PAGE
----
after homelessness... was, by design, participatory - involving people who are living homelessness and mental illness, issues that the organisers explain are often attached. This strategy is based on the observation that, while the finances to build affordable housing will come from governments and developers, the knowledge of what will make that housing "safe and appropriate" can only come from those people who have life knowledge of the issues.
Theatre for Living (formerly called Headlines Theatre) characterises forum theatre as an opportunity for creative, community-based dialogue. In October 2009, what was then called Headlines Theatre gathered a group of 20 participants who were paid to participate in a 6-day "theatre for living" workshop. The workshop strategy evolved from Augusto Boal's "Theatre of the Oppressed". Theatre for Living has integrated a systems-based perspective whereby a community is a complexly integrated, living organism. As part of this process, workshop participants engage in very specific games and exercises that help them investigate issues at a deep level.
After a 3-week period, selected participants joined with (then-called) Headlines Theatre to create a play. When presented to the public, this play is performed once, all the way through, so that the audience can see the situation and the problems presented. The story builds to a crisis and stops there, offering no solutions. The play is then run again, with audience members able to "freeze" the action at any point where they see a character engaged in a struggle. An audience member yells "stop!", comes into the playing area, replaces the character s/he sees struggling with the problem, and tries out his/her idea. This is called an "intervention". The process is meant to be "fun, profound, entertaining and full of surprises and learning."
The 15 "legislative performances" held in Metro Vancouver in November and December 2009 - with some tickets free to groups working on homelessness - were followed by community dialogue sessions called "housing the homeless", a series of moderated panel discussions that got at the nuts and bolts of creating safe, affordable, and supportive housing. The sessions tackled location, financing, and necessary supports and services, each day respectively. This was not a series of lectures; rather, panels were made up of people who have been homeless, Metro Vancouver City councillors, housing advocates, and business leaders, among others. The panellists shared their experience and knowledge with the topics rather than providing set answers. The solutions were sought within the conversation.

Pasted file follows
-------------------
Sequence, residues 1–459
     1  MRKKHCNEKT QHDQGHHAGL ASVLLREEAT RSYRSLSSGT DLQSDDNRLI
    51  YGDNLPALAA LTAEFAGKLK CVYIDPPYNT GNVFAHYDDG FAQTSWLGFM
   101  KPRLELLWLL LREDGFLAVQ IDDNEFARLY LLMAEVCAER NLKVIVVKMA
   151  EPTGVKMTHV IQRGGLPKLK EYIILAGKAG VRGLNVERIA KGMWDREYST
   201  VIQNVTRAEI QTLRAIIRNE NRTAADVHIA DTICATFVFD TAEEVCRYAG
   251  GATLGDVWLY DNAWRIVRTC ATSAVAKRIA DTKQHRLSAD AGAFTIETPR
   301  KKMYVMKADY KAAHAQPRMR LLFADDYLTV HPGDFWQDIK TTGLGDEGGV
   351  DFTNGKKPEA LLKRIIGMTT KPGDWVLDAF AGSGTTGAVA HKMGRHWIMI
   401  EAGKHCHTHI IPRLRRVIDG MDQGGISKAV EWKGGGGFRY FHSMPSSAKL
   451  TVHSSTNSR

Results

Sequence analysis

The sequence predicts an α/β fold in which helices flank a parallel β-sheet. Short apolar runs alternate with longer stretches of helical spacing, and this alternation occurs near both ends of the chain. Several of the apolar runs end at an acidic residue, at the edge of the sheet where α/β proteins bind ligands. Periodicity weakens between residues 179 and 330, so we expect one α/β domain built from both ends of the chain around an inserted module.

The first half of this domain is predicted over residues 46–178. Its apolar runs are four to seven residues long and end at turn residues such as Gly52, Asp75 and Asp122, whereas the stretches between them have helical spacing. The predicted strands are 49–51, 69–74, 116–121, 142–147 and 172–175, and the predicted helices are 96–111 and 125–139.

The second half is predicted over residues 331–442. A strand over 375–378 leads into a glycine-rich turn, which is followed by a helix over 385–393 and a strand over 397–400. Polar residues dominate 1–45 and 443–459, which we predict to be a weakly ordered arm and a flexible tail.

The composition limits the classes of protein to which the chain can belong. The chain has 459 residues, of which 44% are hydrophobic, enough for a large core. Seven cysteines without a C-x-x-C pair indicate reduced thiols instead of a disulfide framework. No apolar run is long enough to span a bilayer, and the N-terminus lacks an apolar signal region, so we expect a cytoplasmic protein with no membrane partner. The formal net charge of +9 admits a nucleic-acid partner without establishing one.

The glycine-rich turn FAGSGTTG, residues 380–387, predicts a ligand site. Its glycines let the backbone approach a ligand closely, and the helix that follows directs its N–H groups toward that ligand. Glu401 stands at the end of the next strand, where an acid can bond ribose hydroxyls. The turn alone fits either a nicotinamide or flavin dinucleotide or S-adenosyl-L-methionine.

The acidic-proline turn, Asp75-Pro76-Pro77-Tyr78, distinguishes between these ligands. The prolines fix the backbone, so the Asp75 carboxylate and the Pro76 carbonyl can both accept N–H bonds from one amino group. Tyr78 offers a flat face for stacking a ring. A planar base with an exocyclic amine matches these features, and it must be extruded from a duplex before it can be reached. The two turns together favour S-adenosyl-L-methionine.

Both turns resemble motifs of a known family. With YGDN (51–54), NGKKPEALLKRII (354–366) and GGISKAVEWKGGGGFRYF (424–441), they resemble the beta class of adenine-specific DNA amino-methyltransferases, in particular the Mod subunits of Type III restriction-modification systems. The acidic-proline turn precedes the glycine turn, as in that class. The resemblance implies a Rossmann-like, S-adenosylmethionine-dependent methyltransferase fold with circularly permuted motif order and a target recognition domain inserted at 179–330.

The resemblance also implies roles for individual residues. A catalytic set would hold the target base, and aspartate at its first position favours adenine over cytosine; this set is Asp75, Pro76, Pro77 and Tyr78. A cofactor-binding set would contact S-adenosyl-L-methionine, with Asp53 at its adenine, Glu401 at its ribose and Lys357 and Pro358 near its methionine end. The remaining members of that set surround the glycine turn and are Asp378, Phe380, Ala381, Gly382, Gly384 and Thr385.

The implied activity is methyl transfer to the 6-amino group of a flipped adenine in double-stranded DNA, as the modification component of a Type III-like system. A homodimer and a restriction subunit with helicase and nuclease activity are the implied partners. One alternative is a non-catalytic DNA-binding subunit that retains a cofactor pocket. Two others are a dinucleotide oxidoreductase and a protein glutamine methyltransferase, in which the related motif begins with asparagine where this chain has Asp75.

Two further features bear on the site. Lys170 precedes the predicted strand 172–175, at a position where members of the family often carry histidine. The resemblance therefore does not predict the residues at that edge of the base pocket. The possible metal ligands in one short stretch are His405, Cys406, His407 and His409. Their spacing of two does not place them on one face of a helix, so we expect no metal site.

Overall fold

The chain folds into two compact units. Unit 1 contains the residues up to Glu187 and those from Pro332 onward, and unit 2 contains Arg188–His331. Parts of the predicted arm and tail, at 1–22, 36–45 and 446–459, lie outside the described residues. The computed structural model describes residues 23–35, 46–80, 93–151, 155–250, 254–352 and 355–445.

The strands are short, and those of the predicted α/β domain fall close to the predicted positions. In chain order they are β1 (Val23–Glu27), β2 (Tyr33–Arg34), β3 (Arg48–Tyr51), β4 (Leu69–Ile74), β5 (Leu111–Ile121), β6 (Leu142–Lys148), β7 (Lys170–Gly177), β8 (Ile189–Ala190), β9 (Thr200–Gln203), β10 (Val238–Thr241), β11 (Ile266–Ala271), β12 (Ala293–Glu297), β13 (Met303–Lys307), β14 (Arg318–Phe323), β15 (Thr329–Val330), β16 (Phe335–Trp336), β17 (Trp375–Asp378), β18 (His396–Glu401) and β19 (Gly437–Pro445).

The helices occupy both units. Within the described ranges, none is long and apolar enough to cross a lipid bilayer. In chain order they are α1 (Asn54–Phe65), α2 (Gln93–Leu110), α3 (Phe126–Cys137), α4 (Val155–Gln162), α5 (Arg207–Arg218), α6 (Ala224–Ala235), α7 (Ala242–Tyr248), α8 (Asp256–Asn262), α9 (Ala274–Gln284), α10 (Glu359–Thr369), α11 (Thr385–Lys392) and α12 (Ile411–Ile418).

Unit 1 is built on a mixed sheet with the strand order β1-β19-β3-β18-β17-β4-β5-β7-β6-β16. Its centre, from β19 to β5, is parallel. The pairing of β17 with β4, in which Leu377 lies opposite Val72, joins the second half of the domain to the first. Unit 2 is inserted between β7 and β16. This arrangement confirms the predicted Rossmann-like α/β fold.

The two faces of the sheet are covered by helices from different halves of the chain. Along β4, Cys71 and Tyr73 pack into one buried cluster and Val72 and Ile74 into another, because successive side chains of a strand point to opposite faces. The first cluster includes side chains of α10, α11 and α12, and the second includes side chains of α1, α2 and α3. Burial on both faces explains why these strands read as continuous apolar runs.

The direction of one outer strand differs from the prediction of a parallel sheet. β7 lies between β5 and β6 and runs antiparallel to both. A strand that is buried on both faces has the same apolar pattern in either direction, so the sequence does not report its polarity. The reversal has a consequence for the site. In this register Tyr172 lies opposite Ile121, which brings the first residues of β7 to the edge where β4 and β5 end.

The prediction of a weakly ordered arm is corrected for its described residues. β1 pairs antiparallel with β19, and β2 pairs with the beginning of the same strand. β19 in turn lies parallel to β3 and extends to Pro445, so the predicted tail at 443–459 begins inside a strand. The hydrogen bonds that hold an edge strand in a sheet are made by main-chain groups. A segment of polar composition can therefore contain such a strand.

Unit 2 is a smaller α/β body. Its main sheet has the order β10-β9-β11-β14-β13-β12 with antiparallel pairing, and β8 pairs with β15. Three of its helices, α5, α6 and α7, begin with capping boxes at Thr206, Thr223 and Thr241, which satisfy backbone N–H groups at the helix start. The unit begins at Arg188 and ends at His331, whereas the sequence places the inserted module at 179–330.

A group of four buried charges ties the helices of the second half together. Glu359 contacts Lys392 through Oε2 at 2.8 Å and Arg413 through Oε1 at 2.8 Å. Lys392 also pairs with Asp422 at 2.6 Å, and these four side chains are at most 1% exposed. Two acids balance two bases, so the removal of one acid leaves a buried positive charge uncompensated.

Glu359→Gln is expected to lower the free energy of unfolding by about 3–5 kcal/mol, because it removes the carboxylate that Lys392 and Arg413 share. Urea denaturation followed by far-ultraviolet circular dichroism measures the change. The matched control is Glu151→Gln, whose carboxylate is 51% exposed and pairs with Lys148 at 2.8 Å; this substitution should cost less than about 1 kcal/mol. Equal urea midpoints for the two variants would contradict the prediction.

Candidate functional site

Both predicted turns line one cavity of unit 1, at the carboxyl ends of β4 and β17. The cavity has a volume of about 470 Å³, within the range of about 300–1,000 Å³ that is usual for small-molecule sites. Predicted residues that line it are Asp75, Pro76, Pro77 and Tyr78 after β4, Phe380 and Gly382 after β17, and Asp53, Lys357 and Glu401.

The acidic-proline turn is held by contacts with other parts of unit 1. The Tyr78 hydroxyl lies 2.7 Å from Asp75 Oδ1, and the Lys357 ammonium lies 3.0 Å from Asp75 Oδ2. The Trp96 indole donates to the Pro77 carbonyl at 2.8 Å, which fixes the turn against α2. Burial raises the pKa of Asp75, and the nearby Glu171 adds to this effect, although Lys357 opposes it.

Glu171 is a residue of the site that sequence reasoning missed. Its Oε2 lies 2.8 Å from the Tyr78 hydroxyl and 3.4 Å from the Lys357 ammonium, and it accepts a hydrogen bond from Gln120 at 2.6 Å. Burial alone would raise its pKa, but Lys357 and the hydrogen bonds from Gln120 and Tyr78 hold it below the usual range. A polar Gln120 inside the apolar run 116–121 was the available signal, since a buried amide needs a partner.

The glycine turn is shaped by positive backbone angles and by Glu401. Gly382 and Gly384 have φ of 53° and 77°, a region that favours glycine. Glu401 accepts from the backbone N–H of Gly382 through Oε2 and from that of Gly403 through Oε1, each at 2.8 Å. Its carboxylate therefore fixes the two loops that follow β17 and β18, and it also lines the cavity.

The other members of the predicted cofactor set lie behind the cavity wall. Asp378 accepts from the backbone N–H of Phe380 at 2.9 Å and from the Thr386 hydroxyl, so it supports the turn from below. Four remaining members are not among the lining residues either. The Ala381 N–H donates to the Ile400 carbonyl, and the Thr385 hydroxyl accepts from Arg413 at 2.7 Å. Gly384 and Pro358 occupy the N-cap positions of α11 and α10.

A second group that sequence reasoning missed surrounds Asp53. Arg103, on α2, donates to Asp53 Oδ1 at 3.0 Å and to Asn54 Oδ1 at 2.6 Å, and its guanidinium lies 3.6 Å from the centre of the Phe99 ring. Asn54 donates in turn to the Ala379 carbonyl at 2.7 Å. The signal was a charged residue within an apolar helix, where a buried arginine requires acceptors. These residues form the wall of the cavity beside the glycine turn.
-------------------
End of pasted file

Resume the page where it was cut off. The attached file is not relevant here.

Organisers had earlier extended a call for photographs communicating homelessness. (Then-called) Headlines Theatre received 265 photos, mostly from all over Metro Vancouver. A few came from the rest of Canada and some from as far away as India, Thailand, and Mexico. Winning photographs were viewable online and were part of a group art exhibition at Gallery Gachet for the Downtown Eastside Heart of the City Festival in November 2009.
A Community Action Report (PDF), generated from this interactive process, summarises the voices of people attending the performances, voices from the Community Dialogue Sessions, the workshop group, and so on. It has been distributed to staff of the City of Vancouver and all other organisations that requested the report for their research. Other reports can be found on the Theatre for Living website.